Retail advertising is the poor cousin of marketing – and for good reason: most of the time it is bereft of good ideas, breaks the most basic tenets of good marketing and to top it all, is executed poorly. At the risk of offending someone important; I will defy any reader to distinguish between Harvey Norman and Domayne advertising (for instance – many more examples) if you removed the logo from the ad.
Retail advertising is mostly about selling the price. That is of course ridiculous. It should be about selling the offer.
What is the offer?
Offer = Product + Price.
Retail advertising is about communicating the offer (effectively) to your target market.
In order to understand good retail advertising, we need to understand a few basic aspect of (good) marketing:
- What role does price play?
- The fundamentals of picking the price to advertise.
- What is the product? (And is not what you think.)
- How does the customer make the purchase decision?
- How do you persuade them that your offer is the best?
- How do you get that message across?
- Who do you get it across to?
As a starting point, let’s quickly look at the role of ‘PRICE’ in advertising. (As in dollars – not me.)
Should the emphasis always be on price? When should the emphasis be on price?
Not counting specific, strategic clearances at very specific times, the only retailer that should be advertising price… is the price leader. There can only be one, and you should think carefully about whether it is you – or indeed whether you want to be the price leader. (There are a few exceptions: supermarkets and ‘grudge purchases’ for instance) but this piece is about specialty retailers who always resort to price.)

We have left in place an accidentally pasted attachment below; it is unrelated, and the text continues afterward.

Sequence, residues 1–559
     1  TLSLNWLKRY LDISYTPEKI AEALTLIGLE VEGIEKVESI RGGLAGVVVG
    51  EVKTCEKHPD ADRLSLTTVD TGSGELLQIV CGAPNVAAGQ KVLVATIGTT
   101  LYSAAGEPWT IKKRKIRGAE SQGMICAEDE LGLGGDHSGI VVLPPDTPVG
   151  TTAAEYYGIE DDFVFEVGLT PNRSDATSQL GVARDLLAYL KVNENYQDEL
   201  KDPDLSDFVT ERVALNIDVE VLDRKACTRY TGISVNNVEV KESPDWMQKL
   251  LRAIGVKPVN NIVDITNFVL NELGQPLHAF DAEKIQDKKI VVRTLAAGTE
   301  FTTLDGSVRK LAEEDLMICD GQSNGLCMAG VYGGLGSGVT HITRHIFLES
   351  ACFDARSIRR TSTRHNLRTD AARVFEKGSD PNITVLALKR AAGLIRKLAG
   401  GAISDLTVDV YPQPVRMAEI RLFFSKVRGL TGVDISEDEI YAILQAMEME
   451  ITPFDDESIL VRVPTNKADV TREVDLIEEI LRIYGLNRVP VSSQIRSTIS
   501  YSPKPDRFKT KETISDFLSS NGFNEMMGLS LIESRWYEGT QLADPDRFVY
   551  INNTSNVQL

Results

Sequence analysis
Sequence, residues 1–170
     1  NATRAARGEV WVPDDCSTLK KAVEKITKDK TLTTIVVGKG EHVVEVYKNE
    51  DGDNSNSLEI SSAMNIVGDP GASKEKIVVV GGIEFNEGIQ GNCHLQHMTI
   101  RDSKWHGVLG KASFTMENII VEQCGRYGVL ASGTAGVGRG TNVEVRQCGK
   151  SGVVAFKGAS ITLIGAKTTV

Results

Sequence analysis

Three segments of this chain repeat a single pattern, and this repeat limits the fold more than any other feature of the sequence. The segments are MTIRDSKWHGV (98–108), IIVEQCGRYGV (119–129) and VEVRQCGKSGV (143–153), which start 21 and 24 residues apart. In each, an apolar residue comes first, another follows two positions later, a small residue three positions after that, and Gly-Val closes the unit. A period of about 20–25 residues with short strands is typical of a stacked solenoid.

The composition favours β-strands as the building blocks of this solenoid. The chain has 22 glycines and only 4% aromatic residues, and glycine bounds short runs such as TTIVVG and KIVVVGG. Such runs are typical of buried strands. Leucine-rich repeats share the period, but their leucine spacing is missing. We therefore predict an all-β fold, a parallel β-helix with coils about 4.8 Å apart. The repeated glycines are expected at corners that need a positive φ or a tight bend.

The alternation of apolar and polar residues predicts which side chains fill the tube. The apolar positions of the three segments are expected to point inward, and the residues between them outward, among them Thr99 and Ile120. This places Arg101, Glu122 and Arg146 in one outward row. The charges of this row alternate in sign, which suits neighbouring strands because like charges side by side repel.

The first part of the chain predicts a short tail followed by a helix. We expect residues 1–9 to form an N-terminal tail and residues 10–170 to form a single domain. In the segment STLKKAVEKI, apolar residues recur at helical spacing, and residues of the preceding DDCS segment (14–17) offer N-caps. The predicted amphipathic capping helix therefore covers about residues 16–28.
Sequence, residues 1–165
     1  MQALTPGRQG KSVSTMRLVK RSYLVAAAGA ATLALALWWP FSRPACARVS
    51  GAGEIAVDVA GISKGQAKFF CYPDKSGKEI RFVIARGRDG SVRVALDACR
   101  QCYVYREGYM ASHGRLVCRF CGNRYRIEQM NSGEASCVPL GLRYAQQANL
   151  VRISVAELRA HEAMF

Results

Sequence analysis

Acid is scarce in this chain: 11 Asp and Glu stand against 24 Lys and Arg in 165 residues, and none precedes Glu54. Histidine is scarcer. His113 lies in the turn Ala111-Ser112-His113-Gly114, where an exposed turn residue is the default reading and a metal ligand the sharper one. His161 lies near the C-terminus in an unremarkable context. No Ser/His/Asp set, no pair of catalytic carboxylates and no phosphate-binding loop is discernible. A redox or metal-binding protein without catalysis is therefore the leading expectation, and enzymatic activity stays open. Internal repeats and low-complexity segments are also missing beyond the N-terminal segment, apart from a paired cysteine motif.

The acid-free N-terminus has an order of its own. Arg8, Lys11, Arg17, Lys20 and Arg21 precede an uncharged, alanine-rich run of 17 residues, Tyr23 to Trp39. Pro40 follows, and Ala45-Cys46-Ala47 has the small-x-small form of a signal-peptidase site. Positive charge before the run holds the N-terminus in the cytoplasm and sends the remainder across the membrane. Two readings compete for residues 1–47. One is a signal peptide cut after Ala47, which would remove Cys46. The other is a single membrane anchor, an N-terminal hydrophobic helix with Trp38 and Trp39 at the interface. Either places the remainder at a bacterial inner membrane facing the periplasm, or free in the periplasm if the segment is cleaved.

I will give you one piece of proof – and it is that bad that I won’t name & shame the retailers. One is a leading jewellery retailer who routinely advertises Gold Earrings for $1. I am yet to see a line queuing up for that particular bargain. A fashion retailer regularly advertises tops for $1.99 (everything must go) and it is not Lowes or Big W. And rarely do I see more customers in that store than the full-price store right next door.
Cheap prices are the easy way – not necessarily the right way.
From a consumer psychology perspective, pricing ‘at the market’ is all that is required. (People don’t necessarily want the cheapest; they just don’t want to feel ripped off.)
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